AMWatch

Depositors are next as Nordic banks buckle under negative rates

Ever since negative interest rates became a thing, banks have been too afraid to pass them on to retail depositors. That may be about to change.

Jesper Berg, the head of the Danish Financial Supervisory Authority in Copenhagen. | Photo: Jens Henrik Daugaard/ERH

In Scandinavia, where sub-zero rates have been the norm longer than most other places, the finance industry has undergone several drastic adjustments to survive the regime. Banks have relied more on asset management and other services that generate fees, and less on the traditional business of lending and holding deposits.

But with no end to negative rates in sight, those changes may not be enough.

Read the whole article

Get 14 days free access.
No credit card required.

An error has occured. Please try again later.

Get full access for you and your coworkers.

Start a free company trial today

More from AMWatch

Why do Nordic funds have so few female portfolio managers?

Only 16 percent of fund managers in Sweden are women. The figure is 11 percent in Finland, while just 6 percent of fund managers in Denmark and Norway are female. AMWatch has talked to four Nordic women in finance in search of answers regarding this imbalance and hear about their career experiences.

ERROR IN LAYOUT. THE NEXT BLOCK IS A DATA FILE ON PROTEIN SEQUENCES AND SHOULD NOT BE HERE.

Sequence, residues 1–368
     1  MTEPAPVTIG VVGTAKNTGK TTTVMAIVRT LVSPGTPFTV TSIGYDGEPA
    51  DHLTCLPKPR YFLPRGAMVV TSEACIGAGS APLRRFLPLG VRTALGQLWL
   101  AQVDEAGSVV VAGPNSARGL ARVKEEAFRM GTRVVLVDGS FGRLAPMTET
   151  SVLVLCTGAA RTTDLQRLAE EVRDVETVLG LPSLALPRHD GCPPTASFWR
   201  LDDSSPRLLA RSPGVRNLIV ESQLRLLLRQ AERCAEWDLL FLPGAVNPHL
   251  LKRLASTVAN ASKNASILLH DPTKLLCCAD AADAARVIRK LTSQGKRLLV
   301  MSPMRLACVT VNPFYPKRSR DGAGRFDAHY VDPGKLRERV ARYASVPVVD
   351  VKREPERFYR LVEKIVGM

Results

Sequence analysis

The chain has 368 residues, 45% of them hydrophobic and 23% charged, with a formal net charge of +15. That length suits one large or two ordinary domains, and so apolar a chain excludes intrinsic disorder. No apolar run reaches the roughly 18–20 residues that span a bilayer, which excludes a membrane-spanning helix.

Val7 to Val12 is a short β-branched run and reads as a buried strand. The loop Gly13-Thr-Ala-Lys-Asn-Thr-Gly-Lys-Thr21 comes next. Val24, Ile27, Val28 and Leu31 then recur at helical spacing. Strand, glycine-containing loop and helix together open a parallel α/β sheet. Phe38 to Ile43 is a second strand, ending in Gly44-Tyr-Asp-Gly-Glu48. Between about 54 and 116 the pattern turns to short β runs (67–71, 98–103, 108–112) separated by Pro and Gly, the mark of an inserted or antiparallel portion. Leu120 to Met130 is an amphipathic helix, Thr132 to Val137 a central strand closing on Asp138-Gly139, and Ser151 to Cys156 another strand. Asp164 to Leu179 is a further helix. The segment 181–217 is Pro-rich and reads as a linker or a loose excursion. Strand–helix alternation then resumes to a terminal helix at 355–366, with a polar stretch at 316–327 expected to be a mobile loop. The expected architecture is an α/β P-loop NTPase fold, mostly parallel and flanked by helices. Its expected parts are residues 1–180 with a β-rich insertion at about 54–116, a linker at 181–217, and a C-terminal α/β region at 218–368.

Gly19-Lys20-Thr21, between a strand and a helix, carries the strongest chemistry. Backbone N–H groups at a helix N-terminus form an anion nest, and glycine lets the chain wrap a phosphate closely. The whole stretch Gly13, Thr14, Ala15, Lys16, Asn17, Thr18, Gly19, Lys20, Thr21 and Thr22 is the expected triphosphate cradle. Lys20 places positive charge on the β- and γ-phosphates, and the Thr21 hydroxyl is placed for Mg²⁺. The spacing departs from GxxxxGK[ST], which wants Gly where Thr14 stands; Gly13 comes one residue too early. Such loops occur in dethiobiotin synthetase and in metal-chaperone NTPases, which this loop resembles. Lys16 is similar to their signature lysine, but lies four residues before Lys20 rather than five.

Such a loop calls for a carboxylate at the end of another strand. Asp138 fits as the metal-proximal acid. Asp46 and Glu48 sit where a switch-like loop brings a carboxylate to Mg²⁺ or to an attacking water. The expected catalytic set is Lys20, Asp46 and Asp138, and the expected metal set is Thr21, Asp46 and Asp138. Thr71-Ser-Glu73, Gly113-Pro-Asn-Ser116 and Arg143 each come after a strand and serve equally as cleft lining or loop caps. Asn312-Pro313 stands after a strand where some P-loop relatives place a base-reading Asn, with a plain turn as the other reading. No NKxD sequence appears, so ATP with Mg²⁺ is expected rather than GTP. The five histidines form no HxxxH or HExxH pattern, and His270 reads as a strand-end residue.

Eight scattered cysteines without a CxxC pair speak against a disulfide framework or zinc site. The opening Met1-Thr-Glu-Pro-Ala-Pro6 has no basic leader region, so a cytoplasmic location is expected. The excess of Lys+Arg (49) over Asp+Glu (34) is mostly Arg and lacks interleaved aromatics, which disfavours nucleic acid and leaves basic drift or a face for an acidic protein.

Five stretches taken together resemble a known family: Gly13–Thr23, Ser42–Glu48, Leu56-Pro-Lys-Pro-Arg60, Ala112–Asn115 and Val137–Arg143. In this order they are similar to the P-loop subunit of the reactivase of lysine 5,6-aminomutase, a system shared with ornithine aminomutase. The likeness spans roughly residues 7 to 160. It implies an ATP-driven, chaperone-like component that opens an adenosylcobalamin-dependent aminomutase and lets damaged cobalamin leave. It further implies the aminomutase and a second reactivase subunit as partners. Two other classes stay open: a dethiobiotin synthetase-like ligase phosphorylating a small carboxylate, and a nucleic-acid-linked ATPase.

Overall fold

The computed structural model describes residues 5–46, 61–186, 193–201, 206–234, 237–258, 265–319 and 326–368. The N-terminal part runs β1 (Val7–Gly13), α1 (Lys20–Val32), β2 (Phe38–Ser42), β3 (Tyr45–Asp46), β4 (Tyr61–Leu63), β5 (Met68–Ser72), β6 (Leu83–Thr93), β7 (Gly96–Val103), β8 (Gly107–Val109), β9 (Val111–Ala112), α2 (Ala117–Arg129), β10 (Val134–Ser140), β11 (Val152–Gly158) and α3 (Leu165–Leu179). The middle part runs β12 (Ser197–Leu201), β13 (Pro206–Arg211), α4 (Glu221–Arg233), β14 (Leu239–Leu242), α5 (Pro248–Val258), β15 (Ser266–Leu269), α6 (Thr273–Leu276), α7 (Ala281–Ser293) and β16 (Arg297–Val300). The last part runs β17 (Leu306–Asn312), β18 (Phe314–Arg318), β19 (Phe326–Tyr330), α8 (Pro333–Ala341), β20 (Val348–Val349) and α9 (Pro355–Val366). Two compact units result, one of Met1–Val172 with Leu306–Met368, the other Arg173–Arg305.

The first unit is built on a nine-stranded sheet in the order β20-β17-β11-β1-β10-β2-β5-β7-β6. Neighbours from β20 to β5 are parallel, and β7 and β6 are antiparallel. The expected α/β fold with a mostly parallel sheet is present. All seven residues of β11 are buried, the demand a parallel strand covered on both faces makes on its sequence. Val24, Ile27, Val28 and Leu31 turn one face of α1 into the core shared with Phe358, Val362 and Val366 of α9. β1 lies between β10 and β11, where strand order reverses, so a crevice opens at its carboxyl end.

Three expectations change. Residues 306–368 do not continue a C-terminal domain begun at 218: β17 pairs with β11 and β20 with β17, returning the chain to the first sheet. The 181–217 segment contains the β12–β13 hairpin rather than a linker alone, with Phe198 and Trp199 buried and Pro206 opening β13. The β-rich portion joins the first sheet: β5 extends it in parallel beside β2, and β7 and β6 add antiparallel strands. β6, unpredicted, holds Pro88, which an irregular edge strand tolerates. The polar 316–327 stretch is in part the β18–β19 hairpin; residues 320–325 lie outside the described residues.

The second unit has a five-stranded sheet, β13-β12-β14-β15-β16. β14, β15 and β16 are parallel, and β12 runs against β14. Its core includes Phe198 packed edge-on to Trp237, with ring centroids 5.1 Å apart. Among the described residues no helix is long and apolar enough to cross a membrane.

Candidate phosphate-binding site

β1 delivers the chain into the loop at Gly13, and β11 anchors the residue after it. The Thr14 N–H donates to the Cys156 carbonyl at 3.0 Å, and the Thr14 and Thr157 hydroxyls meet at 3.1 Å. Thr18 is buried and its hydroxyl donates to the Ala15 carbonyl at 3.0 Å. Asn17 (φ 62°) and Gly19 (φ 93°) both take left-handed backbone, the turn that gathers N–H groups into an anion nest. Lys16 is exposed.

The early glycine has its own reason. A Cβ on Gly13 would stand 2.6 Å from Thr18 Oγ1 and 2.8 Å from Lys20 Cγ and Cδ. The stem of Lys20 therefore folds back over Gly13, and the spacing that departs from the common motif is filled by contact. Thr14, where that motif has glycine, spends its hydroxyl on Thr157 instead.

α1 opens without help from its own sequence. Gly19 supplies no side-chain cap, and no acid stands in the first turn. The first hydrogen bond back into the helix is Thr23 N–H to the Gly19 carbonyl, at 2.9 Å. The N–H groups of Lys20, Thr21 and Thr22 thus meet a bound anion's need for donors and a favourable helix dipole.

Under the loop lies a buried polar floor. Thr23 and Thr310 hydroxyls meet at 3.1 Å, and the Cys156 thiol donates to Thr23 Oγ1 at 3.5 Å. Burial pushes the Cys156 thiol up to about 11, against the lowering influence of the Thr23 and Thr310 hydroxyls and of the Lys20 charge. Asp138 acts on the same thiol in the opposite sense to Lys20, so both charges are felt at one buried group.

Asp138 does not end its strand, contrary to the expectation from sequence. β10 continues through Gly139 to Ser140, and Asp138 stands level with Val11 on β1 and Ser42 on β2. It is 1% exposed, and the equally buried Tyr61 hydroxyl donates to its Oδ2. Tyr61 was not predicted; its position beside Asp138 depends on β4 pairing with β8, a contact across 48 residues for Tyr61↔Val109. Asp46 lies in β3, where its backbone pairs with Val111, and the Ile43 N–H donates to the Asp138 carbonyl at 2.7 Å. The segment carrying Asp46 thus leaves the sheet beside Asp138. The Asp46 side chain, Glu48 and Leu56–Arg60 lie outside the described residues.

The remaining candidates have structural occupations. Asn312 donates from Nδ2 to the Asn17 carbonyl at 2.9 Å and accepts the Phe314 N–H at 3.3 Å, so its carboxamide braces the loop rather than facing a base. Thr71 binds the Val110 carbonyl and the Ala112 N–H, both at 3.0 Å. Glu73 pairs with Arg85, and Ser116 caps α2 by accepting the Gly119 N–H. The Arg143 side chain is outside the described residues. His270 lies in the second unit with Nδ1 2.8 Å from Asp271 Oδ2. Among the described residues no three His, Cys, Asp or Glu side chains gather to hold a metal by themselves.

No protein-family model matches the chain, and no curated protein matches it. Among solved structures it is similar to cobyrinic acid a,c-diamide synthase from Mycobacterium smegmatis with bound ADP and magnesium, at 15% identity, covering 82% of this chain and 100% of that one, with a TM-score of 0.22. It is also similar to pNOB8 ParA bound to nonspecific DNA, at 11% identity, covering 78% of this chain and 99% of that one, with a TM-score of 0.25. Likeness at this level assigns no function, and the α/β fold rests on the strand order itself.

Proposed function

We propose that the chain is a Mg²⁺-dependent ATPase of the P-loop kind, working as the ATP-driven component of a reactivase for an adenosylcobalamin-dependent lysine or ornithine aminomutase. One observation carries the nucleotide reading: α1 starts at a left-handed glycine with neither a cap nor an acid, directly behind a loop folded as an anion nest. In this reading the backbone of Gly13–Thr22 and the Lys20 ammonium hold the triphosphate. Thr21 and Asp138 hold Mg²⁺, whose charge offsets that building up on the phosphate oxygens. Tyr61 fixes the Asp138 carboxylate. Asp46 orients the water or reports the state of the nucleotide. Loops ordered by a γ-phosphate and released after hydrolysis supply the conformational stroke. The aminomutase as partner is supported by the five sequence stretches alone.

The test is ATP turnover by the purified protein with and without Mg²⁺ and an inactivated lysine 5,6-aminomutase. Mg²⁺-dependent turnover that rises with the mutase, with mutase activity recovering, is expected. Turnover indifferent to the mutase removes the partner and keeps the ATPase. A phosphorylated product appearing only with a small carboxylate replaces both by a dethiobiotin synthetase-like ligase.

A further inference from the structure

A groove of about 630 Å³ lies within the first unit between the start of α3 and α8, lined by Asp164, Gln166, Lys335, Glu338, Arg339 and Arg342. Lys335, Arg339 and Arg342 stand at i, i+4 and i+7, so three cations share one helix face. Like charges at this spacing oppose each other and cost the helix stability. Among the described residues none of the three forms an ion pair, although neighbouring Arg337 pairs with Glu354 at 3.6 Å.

Fidelity plans to halve CO2 in investment portfolios by 2030

Fidelity International's target will initially be limited to portfolio companies' direct emissions and those that stem from energy the company buys, so-called Scope 1 and Scope 2 emissions. The manager intends to add Scope 3 emissions once it has access to better data.

Further reading

Trial banner

Latest news

Jobs

Latest news from FinansWatch (dk)

Latest news from EnergyWatch

Latest news from ShippingWatch